Navy Ship Renamed to Honor American Hero Robert Smalls

Posted by on Apr 21, 2023 in Stuff You Should Know, United States

Have you ever heard of Robert Smalls? The U.S. Navy just renamed a ship, the USS Robert Smalls, in his honor. Robert Smalls was an African American man who captured a Confederate steamer loaded with guns during the Civil War. Smalls surrendered the vessel to the Union Navy. By reaching Union lines, this act also freed Smalls and sixteen other enslaved people onboard. The renaming of the modern Navy vessel is fitting because the story of Robert Smalls aligns well with the Navy’s values of honor, courage, and commitment.  

Renaming the USS Robert Smalls  

From 1989 until recently, the USS Robert Smalls was called the USS Chancellorsville. This original name honored Confederate generals Robert E. Lee and Stonewall Jackson. Lee and Jackson won a victory against the U.S. military at Chancellorsville, Virginia, in 1863. The renaming of this vessel is part of a larger program to rename U.S. military assets that currently honor Confederate history. In 2020 Congress created a Naming Commission committee with the intention to examine and suggest important buildings, memorials, ships, and other similar symbols for renaming.  

In September 2022, the Naming Commission committee produced a report with recommendations to rename 1,111 assets across the country. The report listed four Naval assets–two buildings and two ships. The Navy decided to honor people who have been historically overlooked and had a significant impact on the Navy, and more broadly, the nation. These criteria meant that Robert Smalls was an ideal namesake.  

The Life and Legacy of Robert Smalls 

Robert Smalls was born in 1839 to an enslaved woman, Lydia Polite. He lived on a plantation in Beaufort, South Carolina, and was part of the Gullah community. The Gullah community is made up of people descended from West African enslaved people. Smalls grew up on the water and learned to fish and sail as a young boy.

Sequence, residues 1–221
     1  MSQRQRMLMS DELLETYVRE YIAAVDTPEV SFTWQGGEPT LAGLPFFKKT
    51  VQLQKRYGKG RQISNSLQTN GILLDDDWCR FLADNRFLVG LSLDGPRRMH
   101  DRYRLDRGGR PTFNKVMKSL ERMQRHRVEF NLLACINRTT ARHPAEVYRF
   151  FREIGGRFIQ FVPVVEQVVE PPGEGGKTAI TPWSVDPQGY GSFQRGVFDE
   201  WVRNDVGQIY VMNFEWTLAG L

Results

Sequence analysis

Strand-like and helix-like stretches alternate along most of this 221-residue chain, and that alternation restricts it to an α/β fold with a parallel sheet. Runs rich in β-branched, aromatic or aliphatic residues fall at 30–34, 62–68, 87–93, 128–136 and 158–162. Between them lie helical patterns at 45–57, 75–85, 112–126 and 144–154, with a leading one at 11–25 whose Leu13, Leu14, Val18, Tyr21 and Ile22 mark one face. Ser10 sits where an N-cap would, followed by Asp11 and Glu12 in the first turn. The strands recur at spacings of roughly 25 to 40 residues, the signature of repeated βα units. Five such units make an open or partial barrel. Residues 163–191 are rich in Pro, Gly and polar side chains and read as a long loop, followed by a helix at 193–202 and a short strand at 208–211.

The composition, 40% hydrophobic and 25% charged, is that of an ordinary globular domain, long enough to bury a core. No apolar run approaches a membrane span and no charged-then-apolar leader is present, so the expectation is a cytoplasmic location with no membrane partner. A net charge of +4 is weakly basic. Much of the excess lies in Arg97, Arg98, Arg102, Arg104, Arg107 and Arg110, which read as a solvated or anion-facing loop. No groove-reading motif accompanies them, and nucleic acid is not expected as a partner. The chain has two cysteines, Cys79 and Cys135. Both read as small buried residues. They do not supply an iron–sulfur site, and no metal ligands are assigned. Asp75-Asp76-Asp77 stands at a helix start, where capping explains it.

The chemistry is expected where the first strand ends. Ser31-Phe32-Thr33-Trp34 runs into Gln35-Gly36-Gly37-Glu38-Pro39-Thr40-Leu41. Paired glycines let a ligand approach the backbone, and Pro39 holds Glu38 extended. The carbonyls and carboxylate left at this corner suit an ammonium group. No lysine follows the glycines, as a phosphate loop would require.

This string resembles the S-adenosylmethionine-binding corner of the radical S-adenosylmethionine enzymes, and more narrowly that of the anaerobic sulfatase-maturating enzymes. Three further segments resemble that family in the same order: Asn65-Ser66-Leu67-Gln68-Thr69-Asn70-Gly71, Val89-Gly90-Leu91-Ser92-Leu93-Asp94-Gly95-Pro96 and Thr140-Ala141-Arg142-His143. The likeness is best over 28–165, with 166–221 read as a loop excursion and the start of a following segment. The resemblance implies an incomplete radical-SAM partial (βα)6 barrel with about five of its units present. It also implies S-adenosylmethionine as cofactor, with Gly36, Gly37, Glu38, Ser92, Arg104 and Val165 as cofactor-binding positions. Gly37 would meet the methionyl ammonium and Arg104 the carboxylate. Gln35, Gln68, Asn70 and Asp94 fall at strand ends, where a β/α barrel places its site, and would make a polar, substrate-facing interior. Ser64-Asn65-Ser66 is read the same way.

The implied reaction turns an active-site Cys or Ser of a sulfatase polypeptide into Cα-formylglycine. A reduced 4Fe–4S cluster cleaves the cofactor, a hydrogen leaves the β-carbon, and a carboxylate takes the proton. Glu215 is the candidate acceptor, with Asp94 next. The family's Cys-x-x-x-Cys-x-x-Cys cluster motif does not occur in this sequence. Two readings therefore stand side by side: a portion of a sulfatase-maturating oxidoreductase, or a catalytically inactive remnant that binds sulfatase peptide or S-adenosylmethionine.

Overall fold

black and white photograph of Robert Smalls
Robert Smalls

When the Civil War began in 1861, Smalls was working as an enslaved crewmember of a steamer ship called the Planter. The Confederate Army hired the vessel and began using it to carry munitions. While there were white officers on the ship, they left the ship to go home to their families at night. Smalls and the other enslaved crewmembers were often left alone. In May of 1862, Smalls knew that there was a Union Navy blockade just outside the mouth of the Charleston River.  

On May 12 he decided to make a daring escape. After recruiting the rest of the enslaved crew to join his mission, they took the Planter in the middle of the night. They sailed to collect their families waiting at a wharf. To avoid suspicion, Smalls pretended to be captain by wearing a straw hat and a Confederate topcoat.  He signaled various passcodes that allowed him to sail through the heavily fortified Charleston Harbor. Smalls, his crew, and their families sailed through Confederate waters to freedom without detection or incident. Once in Union territory they flew a white flag, made of bed linens quickly sewn together by Smalls’ wife, Hannah Jones. This flag told Union sailors they were not the enemy. Smalls then surrendered the Planter, loaded with Confederate guns, to the Union.  

Smalls’ bravery did not end there. After receiving a reward for his daring action, Smalls returned to war. As a member of the Union Navy, he piloted different ships and became the first African American to command a U.S. Navy vessel. He also personally asked Secretary of War Edwin Stanton to begin enlisting African American soldiers.  

When the war ended, Smalls decided to further dedicate his life to public service. He was elected to the South Carolina legislature. He also served on the U.S. House of Representatives. He focused most of his attention on advancing equality and bettering public education, especially for African American children. Smalls had many other notable accomplishments. He began a boycott that led to the desegregation of streetcars in Philadelphia in 1867. He also served as brigadier general in the South Carolina militia. A brigadier general is a one-star general officer just above a colonel. Smalls also started a school, published a newspaper, and founded a railroad.  

Dig Deeper Use the Internet to research another U.S. military asset that has been renamed because of the Naming Commission report. What has been renamed? Who does it honor now? What did this person achieve? Write a paragraph about what you find.